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Volume 11 > Issue 39 > September 26 thru October 3,  2001


The Ghostland Of America

“Let's do 'Devil'," someone says, and the four Deliberate Strangers quit their noodling, tuning, and shuffling around. They lower their eyes and fill this damp, tiny Squirrel Hill basement with a sonic tour of Hades on earth that's actually called "Highway Blue" according to their new disc, Ghostland Next Exit (Rattler Records). John Manning leaves the drums for acoustic guitar and lead vocals on this, his tune. Stephanie Vargo pulls the train along on bass, head shaking in slow motion. Erin Hutter and her little amped-up violin are licking at the song's lyrical toes, and Tom Moran cradles an electric guitar and works up some ethereal mojo in rhythmic semi-hypnosis.

As they move through more numbers from Ghostland, each of the Strangers takes turns singing: Moran belts out his All-American lament "Homesick for Heaven." Vargo's big, vibrato voice turns "Catfish" into something no less mournful ("some say you gone fishin' / over on the other side") with a little help from Hutter's strange and beautiful harmony. While Vargo and Hutter cull an ancient, familiar ache on the verses, Moran works the mandolin and the whole gang chimes in Carter Family-style on the chorus. It's pretty clear the Strangers know how to milk minor keys and heartache for a tune.

But the Strangers ain't lost their sense of humor, however gallows-bent it may be. And as if to prove it, they jump into Vargo's nasty little "Nothin' But a Bitch" ("A strand of hair, a little blood / a pound of flesh, a pound of mud / and such a pretty face"). Another Ghostland cut, the winking brag "What the Cowboys Did" is a song Johnny Cash might not have written, but certainly could borrow ("I've rubbed tobacco juice into my eyes / just to keep awake / 'cause that's what the cowboys did").

And Ghostland ain't all dirgey Appalachian death songs, either. Rockers like "Heartland" and "Wretched Holy Ghost" just might make a white boy wanna stand up and wiggle.

Manning calls Ghostland a "mutation" from the band's more acoustic last record, Mood Music for Snakehandlers, and the Strangers first, stripped-down and straight-up hillbilly effort Hog Wild and Pig Bitin' Mad. Judging from the various amps, the mounds of effects pedals at Moran and Hutter's feet, not to mention the yards of tangled extension chords strewn on the floor, it appears the Strangers done gone electric for good. Apparently Moran and Vargo chafed at the alt-country label the band was given at the beginning.

"They go by this big tent theory [in alt-country]," says Moran. "I think we were always way, way over in the corner of the tent, maybe even outside it. Sometimes we might lift up the flap and look in every now and again."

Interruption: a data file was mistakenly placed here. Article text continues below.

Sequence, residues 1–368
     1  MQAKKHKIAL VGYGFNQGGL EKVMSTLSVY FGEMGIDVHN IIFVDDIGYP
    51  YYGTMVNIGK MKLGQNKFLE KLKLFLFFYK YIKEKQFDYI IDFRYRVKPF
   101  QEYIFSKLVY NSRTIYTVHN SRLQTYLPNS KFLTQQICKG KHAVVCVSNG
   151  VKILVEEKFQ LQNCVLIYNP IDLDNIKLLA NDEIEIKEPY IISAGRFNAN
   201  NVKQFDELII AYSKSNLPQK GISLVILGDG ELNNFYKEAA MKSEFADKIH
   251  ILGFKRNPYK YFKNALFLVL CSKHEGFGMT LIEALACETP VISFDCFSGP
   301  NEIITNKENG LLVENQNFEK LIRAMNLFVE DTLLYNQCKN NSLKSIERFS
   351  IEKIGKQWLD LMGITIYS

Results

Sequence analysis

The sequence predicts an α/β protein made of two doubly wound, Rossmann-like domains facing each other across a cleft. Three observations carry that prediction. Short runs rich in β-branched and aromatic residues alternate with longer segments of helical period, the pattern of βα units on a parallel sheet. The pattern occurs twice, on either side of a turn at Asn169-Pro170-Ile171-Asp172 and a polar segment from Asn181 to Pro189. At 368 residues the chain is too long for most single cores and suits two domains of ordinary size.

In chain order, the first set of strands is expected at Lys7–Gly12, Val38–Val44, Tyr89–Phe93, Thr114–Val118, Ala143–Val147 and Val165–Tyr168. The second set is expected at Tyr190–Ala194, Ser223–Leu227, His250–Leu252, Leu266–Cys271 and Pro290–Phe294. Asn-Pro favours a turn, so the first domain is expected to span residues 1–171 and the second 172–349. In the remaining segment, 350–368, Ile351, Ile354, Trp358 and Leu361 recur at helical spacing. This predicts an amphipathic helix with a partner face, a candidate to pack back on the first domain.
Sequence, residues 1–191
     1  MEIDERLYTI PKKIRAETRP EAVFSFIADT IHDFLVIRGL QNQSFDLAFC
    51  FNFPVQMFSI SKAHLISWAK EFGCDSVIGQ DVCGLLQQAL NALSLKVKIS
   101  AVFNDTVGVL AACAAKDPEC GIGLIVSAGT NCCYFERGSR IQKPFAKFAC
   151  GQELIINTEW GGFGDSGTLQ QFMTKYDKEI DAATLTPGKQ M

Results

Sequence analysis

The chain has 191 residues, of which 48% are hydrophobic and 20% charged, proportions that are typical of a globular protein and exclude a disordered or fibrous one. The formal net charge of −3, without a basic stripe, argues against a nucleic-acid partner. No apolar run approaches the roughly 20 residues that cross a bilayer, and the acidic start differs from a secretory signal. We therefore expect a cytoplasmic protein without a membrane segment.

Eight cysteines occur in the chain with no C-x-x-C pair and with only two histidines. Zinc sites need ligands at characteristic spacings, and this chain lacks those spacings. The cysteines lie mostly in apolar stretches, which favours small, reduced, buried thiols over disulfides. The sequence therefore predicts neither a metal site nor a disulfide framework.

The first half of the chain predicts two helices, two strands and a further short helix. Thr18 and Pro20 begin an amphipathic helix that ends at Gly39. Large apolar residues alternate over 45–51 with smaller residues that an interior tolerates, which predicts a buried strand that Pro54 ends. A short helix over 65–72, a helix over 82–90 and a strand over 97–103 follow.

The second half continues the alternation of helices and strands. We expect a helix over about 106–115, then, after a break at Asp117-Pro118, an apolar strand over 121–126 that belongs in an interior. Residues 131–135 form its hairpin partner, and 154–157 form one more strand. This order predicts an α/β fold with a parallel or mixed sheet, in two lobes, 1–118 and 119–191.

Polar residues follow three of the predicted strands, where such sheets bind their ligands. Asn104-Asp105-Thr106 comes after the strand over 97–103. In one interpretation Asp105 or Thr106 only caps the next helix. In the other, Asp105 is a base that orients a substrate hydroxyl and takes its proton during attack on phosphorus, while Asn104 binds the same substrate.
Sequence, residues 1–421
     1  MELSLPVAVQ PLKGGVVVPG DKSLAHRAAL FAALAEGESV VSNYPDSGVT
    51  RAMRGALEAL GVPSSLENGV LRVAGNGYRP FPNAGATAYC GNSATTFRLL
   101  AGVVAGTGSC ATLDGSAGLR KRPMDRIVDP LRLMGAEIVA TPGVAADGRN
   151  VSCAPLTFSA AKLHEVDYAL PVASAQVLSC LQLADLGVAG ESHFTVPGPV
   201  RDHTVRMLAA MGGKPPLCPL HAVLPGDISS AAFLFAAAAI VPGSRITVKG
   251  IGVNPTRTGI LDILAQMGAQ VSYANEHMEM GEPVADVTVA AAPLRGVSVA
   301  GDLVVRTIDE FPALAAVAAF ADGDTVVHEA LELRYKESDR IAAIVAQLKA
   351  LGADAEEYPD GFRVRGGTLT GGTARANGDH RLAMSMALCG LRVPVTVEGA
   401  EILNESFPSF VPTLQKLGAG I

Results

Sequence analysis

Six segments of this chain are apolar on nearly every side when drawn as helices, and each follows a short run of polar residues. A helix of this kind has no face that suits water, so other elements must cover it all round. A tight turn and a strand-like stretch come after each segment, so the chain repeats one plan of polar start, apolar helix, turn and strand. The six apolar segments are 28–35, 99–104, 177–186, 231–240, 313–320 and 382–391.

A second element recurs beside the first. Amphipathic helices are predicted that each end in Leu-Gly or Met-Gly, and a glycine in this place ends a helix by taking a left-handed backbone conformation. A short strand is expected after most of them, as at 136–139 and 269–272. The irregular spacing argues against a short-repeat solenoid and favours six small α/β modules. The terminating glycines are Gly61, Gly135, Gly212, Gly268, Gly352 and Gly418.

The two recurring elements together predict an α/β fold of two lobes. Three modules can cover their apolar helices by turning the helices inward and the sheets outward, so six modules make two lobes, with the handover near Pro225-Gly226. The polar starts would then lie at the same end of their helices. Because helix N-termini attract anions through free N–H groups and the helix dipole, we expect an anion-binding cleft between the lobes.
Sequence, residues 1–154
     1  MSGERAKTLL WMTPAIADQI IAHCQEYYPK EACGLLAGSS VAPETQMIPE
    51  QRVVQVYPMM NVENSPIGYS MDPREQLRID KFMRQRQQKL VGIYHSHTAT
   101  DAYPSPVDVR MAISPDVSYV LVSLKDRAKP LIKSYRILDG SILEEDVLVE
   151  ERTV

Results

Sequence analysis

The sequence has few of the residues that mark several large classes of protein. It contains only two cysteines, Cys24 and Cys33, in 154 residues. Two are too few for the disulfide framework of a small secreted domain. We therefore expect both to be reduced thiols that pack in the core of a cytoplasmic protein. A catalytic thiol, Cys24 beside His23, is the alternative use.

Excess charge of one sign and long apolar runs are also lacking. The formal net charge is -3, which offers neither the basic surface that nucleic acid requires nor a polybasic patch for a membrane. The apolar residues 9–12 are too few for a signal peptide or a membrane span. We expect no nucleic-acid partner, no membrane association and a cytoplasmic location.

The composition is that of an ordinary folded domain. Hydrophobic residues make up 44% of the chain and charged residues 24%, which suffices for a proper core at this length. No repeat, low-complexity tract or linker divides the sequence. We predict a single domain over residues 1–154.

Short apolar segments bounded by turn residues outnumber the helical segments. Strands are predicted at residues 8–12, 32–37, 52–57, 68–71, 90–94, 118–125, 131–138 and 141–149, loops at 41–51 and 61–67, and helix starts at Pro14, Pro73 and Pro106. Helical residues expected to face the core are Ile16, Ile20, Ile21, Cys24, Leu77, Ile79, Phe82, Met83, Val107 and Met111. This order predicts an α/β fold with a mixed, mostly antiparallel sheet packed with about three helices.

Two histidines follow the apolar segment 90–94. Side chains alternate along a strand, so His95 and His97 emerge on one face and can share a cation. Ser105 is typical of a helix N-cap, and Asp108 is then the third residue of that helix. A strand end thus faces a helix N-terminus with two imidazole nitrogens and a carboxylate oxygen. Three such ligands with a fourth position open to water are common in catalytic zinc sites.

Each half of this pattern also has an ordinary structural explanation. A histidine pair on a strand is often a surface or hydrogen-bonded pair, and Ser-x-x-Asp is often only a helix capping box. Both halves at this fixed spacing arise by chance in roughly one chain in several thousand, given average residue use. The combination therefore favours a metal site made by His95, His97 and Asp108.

"We've kinda broadened our palette," says Manning.

"I think our tent, now, is actually bigger," adds Moran.

Vargo credits some of Ghostland's sound to a return to their punk rock roots. "We were all so influenced by punk. We were all part of that scene when it happened -- except for Scratchy [Erin Hutter's nickname]. She wasn't even born yet!"

"And now she's born again," Manning insists, with a smirk.

"Hank Williams was a punk. Emmett Miller was a punk," says Moran, who once upon a time played in the semi-legendary punk outfit The Five.

They've been called bluegrass humorists, alt-country misfits, gothabilly sickos, and whatever the latest incarnation -- Ghostland Next Exit -- may bring. It's no surprise most profiles and reviews written about the band feature writers fumbling to put the Deliberate Strangers in some kind of a box, but why bother?

"God knows what kind of fringe we're on now," says Moran. "But we couldn't change if somebody put a gun to our heads. Even if George Bush tried to smoke us out, we'd just find another hole."

Well, pigeon-holed or not, if you listen to the best of Ghostland's songs too many times, they may appear to you in a dream. Though still cloaked in the few remaining vestments of roots traditions, you will know by the glint in their eye and the sweet bile they breathe that these Deliberate Strangers have gone over to the other side. On Ghostland Next Exit, the Strangers have run their instruments through a gauntlet of just enough reverb, dissonance and twang to concoct for themselves a tasty new bitches' brew of devilment, boogie and despair.

The Deliberate Strangers CD-release show is at 9 p.m. Sat., Sept. 29, at Club Café, South Side. 412-431-4950.